Android developers are encountering problems with software piracy due to the way Google has structured the Android Market, according to a recent report. This is not only hurting developers, but also the consumers who are buying Android-based smartphones and tablets.
In a survey of 75 Android developers, 52 percent claimed to have used some form of anti-piracy mechanisms in their applications, a Sept. 7 report from research firm Yankee Group found. In the same report, 62 percent of developers said they lost sales after implementing anti-piracy features, as "customers are not big fans of licensing systems or copy protections." About 82 percent of developers claimed implementing copy protection resulted in locking out users from applications that were legitimately purchased.
The survey also found that the majority of developers pointed to Google as the main problem; 54 percent of the respondents said Google was "too lax" in its Android Market policies.
"Android apps are living in the Wild West without a sheriff," said Carl Howe, the author of the Yankee Group report.
The burden of "thwarting" piracy largely falls on the application developers, Yankee Group found, and recommended that Google tighten up how it runs and polices Android Market. The recommendations included certifying alternate application markets, such as GetJar, Appia and Amazon Appstore, so that users can count on a certain standard of "trust and accounting" for all applications from that marketplace. Payment receipts that could be verified online can also be used to check that an application has been legitimately purchased. Finally, Yankee Group recommended code obfuscation to make it difficult for pirates to just repackage the application and other tamper checking mechanisms to protect applications.
Not all developers are seeing piracy as a problem, but it appears that some of the issues are intrinsically tied to how Android Market is structured.
About half the developers who responded to the survey perceived piracy as either a "huge problem" or "somewhat of a problem." More than 75 percent of Android developers in the survey said it was "easy" or "very easy" to copy an Android application and republish it as their own. Since Android applications are essentially Java applications compiled to run under the mobile operating system, pirates can easily decompile applications and distribute them under similar names on other marketplaces, the survey said. About a third of developers claimed piracy cost them more than $10,000 in revenue and support costs. A similar number claimed their support costs have increased as a direct result.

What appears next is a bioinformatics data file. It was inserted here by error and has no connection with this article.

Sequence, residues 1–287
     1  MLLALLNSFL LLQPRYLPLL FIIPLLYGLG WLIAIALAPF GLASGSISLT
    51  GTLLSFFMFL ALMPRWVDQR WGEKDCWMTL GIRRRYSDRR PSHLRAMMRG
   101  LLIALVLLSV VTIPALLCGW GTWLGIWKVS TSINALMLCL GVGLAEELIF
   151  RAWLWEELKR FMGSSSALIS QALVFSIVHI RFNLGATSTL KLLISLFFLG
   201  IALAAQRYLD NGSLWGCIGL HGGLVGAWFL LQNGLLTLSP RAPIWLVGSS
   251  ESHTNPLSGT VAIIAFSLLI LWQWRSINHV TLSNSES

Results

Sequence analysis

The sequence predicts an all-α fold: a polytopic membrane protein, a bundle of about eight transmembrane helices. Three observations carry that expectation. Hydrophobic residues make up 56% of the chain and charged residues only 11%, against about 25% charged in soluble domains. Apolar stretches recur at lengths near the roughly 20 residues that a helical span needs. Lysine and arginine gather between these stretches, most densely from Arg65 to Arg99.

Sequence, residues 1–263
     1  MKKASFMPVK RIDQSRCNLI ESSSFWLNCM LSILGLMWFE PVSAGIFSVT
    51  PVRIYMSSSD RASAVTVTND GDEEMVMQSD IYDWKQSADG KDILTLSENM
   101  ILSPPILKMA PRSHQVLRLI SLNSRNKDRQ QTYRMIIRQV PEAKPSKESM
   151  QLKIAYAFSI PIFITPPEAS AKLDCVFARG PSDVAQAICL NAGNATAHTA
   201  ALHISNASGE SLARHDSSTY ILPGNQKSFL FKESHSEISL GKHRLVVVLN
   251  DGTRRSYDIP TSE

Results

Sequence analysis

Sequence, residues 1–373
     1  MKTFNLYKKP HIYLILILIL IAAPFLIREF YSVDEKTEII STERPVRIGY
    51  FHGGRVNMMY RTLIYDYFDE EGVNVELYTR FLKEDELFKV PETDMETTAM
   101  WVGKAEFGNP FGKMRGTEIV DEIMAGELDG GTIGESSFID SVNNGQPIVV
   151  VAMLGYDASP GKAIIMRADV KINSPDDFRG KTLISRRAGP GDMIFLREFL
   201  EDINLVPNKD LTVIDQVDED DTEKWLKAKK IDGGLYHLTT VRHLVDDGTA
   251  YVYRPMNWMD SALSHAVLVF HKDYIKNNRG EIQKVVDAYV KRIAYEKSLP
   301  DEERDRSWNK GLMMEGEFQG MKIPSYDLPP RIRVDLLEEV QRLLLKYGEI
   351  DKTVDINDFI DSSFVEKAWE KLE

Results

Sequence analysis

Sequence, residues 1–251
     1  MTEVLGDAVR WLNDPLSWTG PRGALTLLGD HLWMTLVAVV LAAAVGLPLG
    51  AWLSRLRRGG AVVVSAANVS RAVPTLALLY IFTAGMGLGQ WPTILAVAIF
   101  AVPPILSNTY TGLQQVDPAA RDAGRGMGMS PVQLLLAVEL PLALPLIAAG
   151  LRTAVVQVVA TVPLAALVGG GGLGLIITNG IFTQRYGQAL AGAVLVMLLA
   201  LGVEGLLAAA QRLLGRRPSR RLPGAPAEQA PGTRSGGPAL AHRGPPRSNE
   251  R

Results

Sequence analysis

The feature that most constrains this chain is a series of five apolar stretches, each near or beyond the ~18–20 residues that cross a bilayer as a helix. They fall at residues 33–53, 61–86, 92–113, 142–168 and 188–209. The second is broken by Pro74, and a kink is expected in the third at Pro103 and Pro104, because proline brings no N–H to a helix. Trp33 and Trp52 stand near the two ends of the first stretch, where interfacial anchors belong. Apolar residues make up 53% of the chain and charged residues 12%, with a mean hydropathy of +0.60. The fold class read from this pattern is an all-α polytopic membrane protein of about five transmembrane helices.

With five other mobile operating systems competing against each other, Google "can't afford" to ignore the problem of application piracy, according to Howe. If the developers are losing money, they are likely to "flee" to other platforms and stop developing for Android, Howe noted.
Google's License Validation Library (LVL) is supposed to allow developers to determine whether an application was acquired legitimately from the Android Market, but developers told researchers it was easy to defeat. To make LVL effective, developers had to obfuscate the code and use other techniques to prevent source-code tampering. In contrast, Apple uses binary machine code to compile applications that prevent pirates from easily changing and redistributing them, the survey found.
Software piracy is a big problem for applications that act as a background service, according to application developer SmartDyne in the report. If the user is in an area with high data rates or sporadic connectivity, they may deactivate the data connection, preventing the licensing service from connecting with the applications. A license key policy based on accounts or device IDs would help get around the problem, but would result in a "higher effort for every purchased app and, of course, higher costs," SmartDyne said.
Yankee Group worked with Skyhook, a mobile location data company, on the survey. The developers had a popular paid application in Google's Android Market and were scattered across 22 countries. Skyhook is currently embroiled in a legal battle with Google for excluding its geo-location system from Android devices. Yankee Group's Howe told ReadWriteWeb that researchers analyzed the raw data to ensure the data hadn't been skewed in light of Skyhook's ongoing dispute.